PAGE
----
By Dr. Donald E. Phillips
There once was a humble, faithful person who never missed church or Sunday school. He was so dependable for so long, the church awarded him a special medal recognizing his great humility. Unfortunately, when he tried to wear it, they took it back!
Pride is a touchy subject. We can have too much or too little of it. Positive pride is a winning attitude. Negative pride is boasting, egotism, elitism, jealousy, or envy. Such problems can lead to resentment of another’s good fortune or success.
FULFILLING A ROLE
God calls us according to his purposes. We should be humbled by his choosing us. Acts 13:36 says, “When David had served God’s purpose in his own generation, he fell asleep.” What a challenge and assurance: live a purposeful life in God’s will in your time, place, and generation, and you will be forever gathered into God’s kingdom!
Everyone has roles—positions, high or low, which help identify, guide, and fulfill God’s callings for ourselves and others. Everyone has role expectations to bring out our best, shaping who we are and what we do. Role fulfillment brings us into our destiny and life mission, what God wants us to be, how and where he wants us to serve.
Life has much meaning in specific roles. My main jobs have been preacher, shepherd, university professor, administrator, hospice chaplain, and writer. Transitional roles included grocery and police department jobs. But all of these jobs increased in meaning as I saw great value in my personal roles: parent, grandparent, cousin, uncle, sibling, friend, soul mate. There can be great joy in roles we play and ones others play for us.
Psalm 84:10 says, “Better is one day in your courts than a thousand elsewhere; I would rather be a doorkeeper in the house of my God than dwell in the tents of the wicked.”
God uses us in many roles and places. But sometimes we complain, find fault, and displease God through jealousy, anger, or various confrontations. Our attitudes and behaviors may cause trouble, fueling relationship conflicts.
Roles call us to work with competence and caring. Attitudes make a big difference in success and satisfaction. Some have attitude problems and are even proud of it. Some adopt a very assertive style. Others find that a more positive, encouraging tone in personal and professional interactions works better. Whatever our roles and styles, let’s please God, as ultimately we are accountable servants of his will.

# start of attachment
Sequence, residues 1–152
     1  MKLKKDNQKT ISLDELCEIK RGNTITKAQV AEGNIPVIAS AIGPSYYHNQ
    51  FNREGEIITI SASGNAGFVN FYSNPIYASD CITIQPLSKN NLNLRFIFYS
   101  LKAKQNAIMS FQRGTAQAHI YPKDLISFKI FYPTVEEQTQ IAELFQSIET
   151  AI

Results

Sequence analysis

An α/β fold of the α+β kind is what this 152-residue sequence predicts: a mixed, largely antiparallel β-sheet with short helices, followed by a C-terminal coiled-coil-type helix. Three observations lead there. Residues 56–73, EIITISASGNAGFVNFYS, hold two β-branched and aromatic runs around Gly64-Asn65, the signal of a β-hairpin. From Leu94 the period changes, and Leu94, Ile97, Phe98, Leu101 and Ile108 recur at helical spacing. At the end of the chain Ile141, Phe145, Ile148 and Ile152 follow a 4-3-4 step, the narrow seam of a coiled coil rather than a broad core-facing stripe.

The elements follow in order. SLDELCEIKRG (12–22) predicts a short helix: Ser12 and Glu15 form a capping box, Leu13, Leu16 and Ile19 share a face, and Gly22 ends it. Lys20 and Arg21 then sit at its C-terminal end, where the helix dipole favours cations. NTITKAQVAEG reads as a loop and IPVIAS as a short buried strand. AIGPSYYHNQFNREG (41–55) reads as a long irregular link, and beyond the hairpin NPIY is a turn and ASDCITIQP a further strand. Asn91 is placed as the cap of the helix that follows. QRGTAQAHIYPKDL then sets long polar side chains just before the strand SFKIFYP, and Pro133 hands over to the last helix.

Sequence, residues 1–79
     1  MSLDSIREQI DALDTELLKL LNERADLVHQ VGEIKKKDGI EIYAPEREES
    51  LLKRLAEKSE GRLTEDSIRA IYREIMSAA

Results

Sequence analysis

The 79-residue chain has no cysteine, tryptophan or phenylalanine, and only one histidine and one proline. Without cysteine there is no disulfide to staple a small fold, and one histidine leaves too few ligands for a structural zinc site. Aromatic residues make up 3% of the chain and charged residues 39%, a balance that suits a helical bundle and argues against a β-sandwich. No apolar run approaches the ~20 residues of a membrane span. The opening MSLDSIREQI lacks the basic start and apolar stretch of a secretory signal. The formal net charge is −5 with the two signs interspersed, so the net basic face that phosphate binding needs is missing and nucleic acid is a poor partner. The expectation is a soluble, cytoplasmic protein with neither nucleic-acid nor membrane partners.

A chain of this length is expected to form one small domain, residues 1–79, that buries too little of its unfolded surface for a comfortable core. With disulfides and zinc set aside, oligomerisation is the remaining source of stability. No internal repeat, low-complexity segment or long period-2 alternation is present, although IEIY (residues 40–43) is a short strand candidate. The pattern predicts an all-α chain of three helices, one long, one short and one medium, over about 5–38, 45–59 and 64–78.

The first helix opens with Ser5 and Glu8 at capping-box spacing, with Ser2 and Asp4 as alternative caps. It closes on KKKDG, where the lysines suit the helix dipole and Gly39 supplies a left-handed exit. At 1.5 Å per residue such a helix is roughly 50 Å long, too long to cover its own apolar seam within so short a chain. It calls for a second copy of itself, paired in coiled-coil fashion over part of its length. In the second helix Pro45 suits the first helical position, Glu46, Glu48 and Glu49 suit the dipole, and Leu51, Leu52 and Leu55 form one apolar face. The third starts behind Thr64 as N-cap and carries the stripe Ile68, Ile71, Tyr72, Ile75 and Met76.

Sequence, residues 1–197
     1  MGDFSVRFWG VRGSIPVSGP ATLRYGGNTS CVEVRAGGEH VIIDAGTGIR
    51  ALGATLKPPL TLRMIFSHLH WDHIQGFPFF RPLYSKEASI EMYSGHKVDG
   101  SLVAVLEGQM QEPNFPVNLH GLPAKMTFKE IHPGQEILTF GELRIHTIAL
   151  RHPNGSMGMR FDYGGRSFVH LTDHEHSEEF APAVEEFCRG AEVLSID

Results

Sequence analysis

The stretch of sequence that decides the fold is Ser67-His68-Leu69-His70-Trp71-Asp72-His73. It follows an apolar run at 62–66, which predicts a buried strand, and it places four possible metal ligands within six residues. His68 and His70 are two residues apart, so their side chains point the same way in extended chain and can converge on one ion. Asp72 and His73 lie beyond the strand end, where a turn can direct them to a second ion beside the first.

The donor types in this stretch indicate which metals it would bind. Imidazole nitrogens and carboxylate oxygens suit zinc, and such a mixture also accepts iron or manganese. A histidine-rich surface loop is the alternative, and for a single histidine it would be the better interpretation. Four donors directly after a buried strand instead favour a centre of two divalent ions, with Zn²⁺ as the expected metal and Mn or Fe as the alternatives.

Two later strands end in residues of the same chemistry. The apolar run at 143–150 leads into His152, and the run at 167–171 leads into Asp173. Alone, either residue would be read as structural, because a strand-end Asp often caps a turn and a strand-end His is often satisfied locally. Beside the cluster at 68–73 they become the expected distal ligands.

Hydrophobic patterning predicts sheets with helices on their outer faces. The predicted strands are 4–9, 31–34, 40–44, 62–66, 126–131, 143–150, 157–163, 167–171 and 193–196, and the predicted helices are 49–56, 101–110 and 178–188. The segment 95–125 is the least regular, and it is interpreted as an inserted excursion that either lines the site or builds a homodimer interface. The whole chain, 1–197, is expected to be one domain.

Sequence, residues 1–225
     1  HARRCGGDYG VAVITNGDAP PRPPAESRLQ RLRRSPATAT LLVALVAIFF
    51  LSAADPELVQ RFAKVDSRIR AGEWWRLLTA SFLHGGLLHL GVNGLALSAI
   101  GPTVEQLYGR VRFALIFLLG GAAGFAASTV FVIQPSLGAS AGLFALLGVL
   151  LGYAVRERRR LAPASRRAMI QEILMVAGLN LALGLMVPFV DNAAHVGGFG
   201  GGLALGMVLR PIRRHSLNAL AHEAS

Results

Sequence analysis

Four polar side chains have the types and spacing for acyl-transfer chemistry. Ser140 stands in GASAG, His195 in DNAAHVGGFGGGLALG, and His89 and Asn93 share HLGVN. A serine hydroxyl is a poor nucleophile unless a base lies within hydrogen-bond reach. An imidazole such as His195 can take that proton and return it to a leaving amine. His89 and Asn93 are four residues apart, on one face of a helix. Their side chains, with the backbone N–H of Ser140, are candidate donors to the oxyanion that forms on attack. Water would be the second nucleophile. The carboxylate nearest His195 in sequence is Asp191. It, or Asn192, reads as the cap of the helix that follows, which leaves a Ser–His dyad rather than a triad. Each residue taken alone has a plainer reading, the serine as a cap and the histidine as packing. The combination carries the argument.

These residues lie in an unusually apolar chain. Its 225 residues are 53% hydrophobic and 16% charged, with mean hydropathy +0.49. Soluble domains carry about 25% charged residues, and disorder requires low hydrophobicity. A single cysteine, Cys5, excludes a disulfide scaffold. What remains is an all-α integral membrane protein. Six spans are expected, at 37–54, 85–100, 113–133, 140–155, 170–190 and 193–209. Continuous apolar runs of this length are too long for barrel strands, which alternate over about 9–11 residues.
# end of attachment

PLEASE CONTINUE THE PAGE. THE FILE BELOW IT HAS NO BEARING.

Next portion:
SATISFIED WITH SECOND
A challenge occurs when someone feels he or she is playing second fiddle to another. The grieved person feels he or she could do better than one who is seen as a problem person. When one thinks one’s supervisor is a problem person, conflict may occur and relationship tensions escalate.
“Playing second fiddle” literally means occupying an important but support position in an orchestra, band, or similar role. Broadly, figuratively, it can involve satisfaction or dissatisfaction by a subordinate role in a group, church, organization, or workplace. Consider the following guidelines for finding satisfaction when you are in a second-fiddle position:
Be a role player. Thank God for opportunities to prepare and grow. Contribute your gifts and calling to others. Let role acceptance contribute personal peace and satisfaction. See yourself as part of God’s purposes for individuals, society, church, and the nation. Accept a greater sense of God’s purposes leading from this world to God’s kingdom. Access God’s wisdom and authority through Christ. God has plans for all of us. Partner with others in those plans.
Talk yourself up, not down. Keep positive. Believe in you and what you do. Romans 12:3 says, “Do not think of yourself more highly than you ought, but rather think of yourself with sober judgment, in accordance with the faith God has distributed to each of you.”
Others may verbally attack you—surprisingly, at times, it may be other Christians, family members, spouses, children, employers, or coworkers. When this happens, affirm truth about yourself and others. Think highly of yourself but not more highly than you should. Don’t take yourself too seriously but seriously enough. Act with dignity. Respect your own and others’ boundaries. Give and expect respect. Act respectfully toward yourself and others. Develop a thick skin. Don’t be overly sensitive.